As the average person becomes better off, what happens to the minimum that people need to participate in society at an acceptable level?
Six years ago, my colleagues and I set out to answer this long-standing social question, in an era of ever-growing prosperity.
Common sense tells us that the minimum rises: we do not expect people to live on a Dickensian minimum today. But how much does it increase? There is no empirical evidence to support the assumption (used when calculating relative income poverty) that minimum needs rise in exact proportion to average incomes. Indeed, one might expect them to rise more slowly, since in a very poor society the average person may have only just enough to meet basic physical needs, while in a rich one people have many more things than those considered essential. But the fact is, we don't know.
Amongst its many other ambitions, the Minimum Income Standard (MIS) project offers a unique opportunity to monitor over time how much households need for a minimum acceptable standard of living. Since the minimum is based on what members of the public say is needed to participate in society, this is a socially defined minimum that changes to reflect contemporary norms.
Sadly, our ambition of monitoring the effect of rising prosperity on the minimum has had to be put on hold. We brought out the first MIS figures in 2008. A year later, the longest continuous period of personal income growth on record went into reverse. Since then, median household incomes have fallen, by perhaps 8 per cent, to a level similar to that of a decade ago.
This however raises an equally important question for our times. Where general prosperity falls, does the minimum acceptable fall too? Our latest MIS research suggests the answer has so far been broadly "no". Once we have grown to expect a certain minimum living standard we do not rapidly scale down these expectations as things get tougher. The effect of falling incomes is rather that more people are unable to reach this socially defined minimum.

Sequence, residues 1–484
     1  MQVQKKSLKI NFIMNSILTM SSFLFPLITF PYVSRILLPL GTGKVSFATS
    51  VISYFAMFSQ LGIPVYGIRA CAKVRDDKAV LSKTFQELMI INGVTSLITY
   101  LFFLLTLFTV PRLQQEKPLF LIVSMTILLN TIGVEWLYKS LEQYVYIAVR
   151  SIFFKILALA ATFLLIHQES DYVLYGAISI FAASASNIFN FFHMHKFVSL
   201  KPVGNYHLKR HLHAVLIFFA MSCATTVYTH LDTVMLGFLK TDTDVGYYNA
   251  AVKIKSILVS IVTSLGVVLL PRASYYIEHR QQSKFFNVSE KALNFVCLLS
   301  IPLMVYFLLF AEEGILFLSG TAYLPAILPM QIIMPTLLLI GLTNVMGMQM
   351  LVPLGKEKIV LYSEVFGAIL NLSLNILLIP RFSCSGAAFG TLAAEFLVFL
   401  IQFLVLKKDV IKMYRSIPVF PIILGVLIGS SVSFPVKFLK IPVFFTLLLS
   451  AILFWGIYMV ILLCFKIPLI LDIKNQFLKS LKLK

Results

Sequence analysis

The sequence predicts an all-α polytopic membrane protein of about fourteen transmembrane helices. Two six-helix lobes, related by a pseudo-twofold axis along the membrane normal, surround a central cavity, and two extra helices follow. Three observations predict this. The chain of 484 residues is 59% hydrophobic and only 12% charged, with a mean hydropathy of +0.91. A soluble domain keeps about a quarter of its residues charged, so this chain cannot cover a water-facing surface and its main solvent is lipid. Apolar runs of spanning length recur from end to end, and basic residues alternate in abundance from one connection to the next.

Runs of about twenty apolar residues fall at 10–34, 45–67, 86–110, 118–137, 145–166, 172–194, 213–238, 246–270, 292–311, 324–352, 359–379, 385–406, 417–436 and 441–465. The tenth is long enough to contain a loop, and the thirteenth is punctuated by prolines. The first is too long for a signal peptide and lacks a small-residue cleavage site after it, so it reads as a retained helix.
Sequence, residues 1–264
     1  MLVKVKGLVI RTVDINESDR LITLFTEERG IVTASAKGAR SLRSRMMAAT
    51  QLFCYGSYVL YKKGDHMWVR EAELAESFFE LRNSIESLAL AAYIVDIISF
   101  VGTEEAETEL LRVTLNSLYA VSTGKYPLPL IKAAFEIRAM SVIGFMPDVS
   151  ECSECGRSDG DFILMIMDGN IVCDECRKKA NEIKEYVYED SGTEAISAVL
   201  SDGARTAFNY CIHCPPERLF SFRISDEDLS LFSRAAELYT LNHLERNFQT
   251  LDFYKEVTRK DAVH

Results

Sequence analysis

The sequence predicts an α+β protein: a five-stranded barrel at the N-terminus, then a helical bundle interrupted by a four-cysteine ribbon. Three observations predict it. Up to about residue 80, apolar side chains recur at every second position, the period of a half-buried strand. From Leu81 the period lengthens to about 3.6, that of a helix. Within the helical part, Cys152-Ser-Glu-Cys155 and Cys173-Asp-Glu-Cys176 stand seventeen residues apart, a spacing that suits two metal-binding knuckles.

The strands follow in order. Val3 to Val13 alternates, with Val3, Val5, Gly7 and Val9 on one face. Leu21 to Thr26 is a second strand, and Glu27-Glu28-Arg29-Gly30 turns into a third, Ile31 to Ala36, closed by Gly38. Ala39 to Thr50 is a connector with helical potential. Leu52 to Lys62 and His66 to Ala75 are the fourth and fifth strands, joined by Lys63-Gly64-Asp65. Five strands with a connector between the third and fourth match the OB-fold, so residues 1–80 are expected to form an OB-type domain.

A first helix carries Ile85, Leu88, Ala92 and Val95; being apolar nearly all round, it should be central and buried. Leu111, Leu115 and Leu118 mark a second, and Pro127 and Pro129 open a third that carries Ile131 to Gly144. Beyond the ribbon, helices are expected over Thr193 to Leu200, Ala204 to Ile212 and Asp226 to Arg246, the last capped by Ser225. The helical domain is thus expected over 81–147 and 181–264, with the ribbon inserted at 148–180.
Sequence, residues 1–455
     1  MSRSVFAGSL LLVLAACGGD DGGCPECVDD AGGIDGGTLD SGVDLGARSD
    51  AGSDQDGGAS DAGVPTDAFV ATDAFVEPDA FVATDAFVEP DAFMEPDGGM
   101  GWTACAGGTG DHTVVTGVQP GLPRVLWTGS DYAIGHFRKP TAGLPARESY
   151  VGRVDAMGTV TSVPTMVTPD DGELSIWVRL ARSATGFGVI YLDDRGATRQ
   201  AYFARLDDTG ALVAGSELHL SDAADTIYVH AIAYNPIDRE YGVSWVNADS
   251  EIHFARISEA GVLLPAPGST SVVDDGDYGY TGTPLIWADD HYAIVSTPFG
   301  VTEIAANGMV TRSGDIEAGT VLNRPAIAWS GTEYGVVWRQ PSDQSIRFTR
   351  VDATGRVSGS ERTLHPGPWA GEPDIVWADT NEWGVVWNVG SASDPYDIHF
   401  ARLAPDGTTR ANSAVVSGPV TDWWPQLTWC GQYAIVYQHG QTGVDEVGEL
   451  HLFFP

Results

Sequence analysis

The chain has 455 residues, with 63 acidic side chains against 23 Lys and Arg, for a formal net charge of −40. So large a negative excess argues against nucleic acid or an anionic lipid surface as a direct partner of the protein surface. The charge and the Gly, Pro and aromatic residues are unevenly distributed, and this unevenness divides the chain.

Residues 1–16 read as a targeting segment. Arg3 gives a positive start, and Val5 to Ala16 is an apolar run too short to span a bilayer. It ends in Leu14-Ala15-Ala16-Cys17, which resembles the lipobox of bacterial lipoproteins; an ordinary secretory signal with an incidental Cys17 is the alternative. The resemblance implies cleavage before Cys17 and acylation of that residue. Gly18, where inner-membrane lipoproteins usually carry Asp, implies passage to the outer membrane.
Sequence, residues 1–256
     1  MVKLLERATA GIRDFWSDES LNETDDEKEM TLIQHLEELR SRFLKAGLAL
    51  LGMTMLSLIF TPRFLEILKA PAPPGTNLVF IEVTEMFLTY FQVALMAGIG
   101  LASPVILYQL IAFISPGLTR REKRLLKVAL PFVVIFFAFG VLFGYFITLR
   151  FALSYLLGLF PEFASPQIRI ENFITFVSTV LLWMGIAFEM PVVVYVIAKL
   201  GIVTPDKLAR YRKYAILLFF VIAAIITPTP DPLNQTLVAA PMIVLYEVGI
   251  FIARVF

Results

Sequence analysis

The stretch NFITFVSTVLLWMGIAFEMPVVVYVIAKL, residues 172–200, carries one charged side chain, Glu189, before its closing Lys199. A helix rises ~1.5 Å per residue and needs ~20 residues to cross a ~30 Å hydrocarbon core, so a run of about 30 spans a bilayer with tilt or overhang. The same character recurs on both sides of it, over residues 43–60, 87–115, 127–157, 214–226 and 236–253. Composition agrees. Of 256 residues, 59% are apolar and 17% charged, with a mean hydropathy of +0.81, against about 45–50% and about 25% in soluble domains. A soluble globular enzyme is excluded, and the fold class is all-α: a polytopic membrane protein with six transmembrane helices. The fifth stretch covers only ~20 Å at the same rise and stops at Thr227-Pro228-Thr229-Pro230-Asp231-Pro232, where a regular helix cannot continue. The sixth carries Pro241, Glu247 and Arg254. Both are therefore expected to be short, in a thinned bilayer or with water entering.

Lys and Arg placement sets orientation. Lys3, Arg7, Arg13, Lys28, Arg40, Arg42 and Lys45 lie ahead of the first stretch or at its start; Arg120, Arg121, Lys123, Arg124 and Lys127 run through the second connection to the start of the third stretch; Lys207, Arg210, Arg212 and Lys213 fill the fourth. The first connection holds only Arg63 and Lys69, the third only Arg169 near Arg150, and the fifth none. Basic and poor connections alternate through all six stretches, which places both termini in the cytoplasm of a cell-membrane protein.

All this points to a certain 'ratcheting' effect of rising incomes that is understandable. Long-term changes in the ways we live are not easily reversed. In the past few decades, for example, services have become less localised, changing the nature of travel costs. Childhood has transformed, and parents expect to pay for more activities than they once did, or risk their children being excluded. Such norms do not change quickly, whatever the economic context.
This does not mean everything is fixed. Already there have been a few ways our groups have identified thriftier, but still acceptable, ways of living – such as giving a lower-cost birthday present to your partner, or going out to eat less often. But these changes are limited by the very modest existing level of the minimum, compared to how many of us live. A foreign holiday, for example, was never included: a week's self-catering in the UK is considered the minimum required each year, and this has not changed.
Maybe in future, a sustained period of enforced austerity could cause people to say you don't need a holiday at all. This would be a signal that the realities of tougher economic times are changing fundamentally how we think about meeting our needs. But for now, our research suggests that, despite straitened times, the British public is not yet rethinking what is acceptable as a minimum.